ODC Dance, for non-Bay Area-dwelling dance fans, is San Francisco?s most established and prominent modern dance company. It?s led by three headstrong women who, in the seventies, drove a big yellow bus to California from Oberlin College (hence the acronym, for Oberlin Dance Collective). These days they?ve got an annual season at the Yerba Buena Center for the Arts (which kicked off Thursday and continues through March 20), a steady touring season, and a soon-to-expand headquarters that serves as the Mission District?s dance hub. Their other prime assets, besides longevity and real estate, are 11 very fine dancers and a jazzy company style. Co-artistic director KT Nelson?s work tends to be sensual and nakedly emotional. Artistic director Brenda Way?s choreography is generally more high concept, which is certainly the case with her latest, ?On a Train Heading South,? a dance about global warming. It was the critical hit of last week?s gala, with Allan Ulrich proclaiming it a ?miracle?:
?I never thought I would live to see a locally produced dance as clever as Brenda Way?s On a Train Heading South, a delectable parody of those grindingly earnest, half-baked socially conscious dances without a trace of artfulness that clog small performance spaces around town. To watch Anne Zivolich performing a part that suggests a cross between Cassandra and the personification of toxic waste run rampant is to observe comic dance at its most delirious. In fact, the whole production, which concludes the lengthy program, is a magnificent exercise in politically progressive chic turned on its head and given a good shaking.?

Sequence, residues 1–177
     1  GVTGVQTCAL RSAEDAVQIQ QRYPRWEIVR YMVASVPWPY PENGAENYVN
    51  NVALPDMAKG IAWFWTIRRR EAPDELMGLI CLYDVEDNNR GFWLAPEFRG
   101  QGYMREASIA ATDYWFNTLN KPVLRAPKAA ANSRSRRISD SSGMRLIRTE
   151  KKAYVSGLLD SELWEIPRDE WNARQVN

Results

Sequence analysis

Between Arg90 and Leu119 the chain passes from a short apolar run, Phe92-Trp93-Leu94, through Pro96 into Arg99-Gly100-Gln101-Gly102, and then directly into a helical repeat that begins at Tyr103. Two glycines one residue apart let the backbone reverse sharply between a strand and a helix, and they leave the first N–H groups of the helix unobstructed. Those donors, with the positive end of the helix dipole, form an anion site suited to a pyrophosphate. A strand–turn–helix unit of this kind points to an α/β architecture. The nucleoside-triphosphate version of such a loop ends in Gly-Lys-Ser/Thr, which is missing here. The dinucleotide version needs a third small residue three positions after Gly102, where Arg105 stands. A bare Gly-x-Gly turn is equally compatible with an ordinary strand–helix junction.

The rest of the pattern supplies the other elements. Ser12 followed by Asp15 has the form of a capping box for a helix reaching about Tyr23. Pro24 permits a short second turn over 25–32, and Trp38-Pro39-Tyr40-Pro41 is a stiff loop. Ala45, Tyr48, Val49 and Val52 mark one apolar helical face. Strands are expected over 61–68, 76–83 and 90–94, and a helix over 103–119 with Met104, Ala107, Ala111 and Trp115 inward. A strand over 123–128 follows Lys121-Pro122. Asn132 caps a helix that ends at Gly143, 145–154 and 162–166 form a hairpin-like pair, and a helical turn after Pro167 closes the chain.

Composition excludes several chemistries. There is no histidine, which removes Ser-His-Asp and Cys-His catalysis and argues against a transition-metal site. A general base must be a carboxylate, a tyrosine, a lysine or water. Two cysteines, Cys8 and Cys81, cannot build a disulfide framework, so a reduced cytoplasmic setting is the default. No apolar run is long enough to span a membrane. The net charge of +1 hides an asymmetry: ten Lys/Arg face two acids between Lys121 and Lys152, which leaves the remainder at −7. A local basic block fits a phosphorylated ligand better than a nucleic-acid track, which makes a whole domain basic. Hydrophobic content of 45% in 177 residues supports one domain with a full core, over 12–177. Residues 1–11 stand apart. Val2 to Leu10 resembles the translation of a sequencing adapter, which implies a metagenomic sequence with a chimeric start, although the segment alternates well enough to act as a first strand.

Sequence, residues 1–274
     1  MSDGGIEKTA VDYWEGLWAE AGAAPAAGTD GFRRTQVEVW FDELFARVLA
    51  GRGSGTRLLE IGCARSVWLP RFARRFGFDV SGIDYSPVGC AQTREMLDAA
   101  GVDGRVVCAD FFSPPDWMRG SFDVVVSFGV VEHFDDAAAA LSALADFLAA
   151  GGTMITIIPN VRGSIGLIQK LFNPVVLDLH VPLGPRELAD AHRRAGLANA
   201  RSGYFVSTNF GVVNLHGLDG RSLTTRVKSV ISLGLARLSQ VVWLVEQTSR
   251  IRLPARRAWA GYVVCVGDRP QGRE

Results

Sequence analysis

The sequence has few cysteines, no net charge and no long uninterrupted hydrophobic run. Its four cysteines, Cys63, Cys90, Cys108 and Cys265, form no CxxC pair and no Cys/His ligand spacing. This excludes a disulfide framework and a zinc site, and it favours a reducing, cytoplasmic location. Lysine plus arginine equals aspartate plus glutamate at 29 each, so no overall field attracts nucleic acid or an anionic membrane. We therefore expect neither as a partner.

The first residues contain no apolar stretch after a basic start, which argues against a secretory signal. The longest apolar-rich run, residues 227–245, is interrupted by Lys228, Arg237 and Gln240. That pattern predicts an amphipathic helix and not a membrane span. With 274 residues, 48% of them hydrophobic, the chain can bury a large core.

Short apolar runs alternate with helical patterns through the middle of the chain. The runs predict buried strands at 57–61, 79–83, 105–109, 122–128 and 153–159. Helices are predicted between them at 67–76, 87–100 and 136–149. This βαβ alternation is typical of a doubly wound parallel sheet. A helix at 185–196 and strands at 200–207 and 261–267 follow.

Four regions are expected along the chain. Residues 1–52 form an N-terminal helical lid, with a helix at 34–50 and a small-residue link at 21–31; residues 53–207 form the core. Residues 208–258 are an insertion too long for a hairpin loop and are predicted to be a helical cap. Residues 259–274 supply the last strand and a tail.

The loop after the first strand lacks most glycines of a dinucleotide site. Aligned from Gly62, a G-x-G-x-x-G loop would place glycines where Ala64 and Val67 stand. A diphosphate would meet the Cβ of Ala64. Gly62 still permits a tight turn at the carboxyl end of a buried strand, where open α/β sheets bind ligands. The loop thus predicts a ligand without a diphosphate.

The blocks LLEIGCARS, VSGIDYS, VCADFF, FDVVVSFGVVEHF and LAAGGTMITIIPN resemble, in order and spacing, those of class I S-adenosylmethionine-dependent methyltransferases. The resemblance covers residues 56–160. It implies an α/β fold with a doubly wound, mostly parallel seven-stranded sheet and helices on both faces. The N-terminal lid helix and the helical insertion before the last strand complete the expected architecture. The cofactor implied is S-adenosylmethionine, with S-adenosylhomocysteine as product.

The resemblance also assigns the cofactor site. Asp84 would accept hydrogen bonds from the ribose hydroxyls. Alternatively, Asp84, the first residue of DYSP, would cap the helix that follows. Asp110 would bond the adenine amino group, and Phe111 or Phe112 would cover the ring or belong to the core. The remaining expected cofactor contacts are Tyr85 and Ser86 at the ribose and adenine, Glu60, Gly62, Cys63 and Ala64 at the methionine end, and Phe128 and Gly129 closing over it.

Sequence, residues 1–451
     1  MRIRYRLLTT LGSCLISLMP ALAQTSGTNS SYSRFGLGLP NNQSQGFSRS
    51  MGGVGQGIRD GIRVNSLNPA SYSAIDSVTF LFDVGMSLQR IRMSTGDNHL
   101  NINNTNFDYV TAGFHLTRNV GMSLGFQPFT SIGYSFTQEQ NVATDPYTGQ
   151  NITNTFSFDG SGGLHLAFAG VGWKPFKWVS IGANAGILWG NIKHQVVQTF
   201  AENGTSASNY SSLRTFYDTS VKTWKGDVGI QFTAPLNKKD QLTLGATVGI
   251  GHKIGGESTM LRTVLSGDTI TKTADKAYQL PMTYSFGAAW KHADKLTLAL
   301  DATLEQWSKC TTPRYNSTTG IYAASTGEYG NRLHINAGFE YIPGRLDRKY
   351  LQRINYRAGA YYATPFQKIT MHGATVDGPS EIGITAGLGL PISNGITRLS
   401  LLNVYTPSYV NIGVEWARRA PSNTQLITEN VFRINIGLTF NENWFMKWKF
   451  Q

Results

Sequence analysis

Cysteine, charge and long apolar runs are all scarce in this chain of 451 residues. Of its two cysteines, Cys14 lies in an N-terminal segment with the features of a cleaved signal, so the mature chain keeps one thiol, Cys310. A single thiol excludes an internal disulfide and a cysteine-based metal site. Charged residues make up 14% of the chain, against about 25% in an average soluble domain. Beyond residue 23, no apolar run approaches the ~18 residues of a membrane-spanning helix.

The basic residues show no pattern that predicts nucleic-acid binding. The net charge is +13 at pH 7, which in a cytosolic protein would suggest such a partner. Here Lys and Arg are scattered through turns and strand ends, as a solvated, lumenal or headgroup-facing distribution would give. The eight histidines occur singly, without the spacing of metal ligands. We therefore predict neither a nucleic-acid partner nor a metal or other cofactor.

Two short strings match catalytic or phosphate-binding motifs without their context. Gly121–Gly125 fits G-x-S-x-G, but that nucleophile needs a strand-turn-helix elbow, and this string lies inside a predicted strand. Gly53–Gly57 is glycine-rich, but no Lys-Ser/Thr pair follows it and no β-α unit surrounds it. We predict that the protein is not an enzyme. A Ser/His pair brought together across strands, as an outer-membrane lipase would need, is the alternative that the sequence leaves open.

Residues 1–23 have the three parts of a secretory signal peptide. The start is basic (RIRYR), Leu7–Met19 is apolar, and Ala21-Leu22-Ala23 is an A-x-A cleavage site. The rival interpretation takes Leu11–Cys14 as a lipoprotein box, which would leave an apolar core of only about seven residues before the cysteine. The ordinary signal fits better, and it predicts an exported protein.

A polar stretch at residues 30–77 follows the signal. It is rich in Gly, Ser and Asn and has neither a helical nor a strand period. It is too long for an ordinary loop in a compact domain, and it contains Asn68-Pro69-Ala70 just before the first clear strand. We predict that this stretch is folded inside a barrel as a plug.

In the Chronicle, Janice Berman was also a believer:
“A dance about global warming” sounds like the intro to a performance by cartoonist Jules Pfeiffer’s earnest, black-clad modern dancer. If you want to send a message, said moviemaker Sam Goldwyn, call Western Union. But artistic director Brenda Way’s marvelous new “On a Train Heading South,” highlighting ODC Dance’s opener Thursday night at Yerba Buena Center for the Arts, avoided all the pitfalls, delivering the goods with imagination, urgency and a wicked sense of humor.?
I?m more on the fence, and thinking it might take a second viewing to sort out my reactions. To be sure, Alexander V. Nichols? visual design is a thing of immense beauty: a string of crystalline ice-blocks strung overhead like diamonds, dripping upon the stage with an eerily soothing patter. The whole stage looked like a glowing ice cavern, and made an eloquent statement in and of itself.
Way?s choreography teetered on the brink of moving, trading preachiness for pointed satire. I think I was more distracted by the lapses in structure than by the sanctimony. The work is at least three minutes too long. Anne Zivolich, as an unheard prophetess, gave a fabulously committed performance.
Way?s other premiere, ?something about a nightingale,? struck me as not so much lightweight but confounding. There?s some kind of curiously convoluted fable struggling to find its telling here: libidinous men in high-waisted trousers, two preening chickadees (the gorgeous duo of Yukie Fujimoto and Andrea Flores), and a guy in spandex shorts who sends the whole scenario spiraling toward incomprehensibility.
Way has emerged as my favorite of ODC?s three choreographers over the last six years since I?ve been watching the company?I can still play vivid moments from her ?24 Exposures? in my mind. But if you want to see her best work, return for ?Fiendish Variations.? It?s on the company?s second program, which I plan to catch next Thursday. The slate also includes two premieres by KT Nelson, one a duet for Anne Zivolich and Private Freeman. See you there.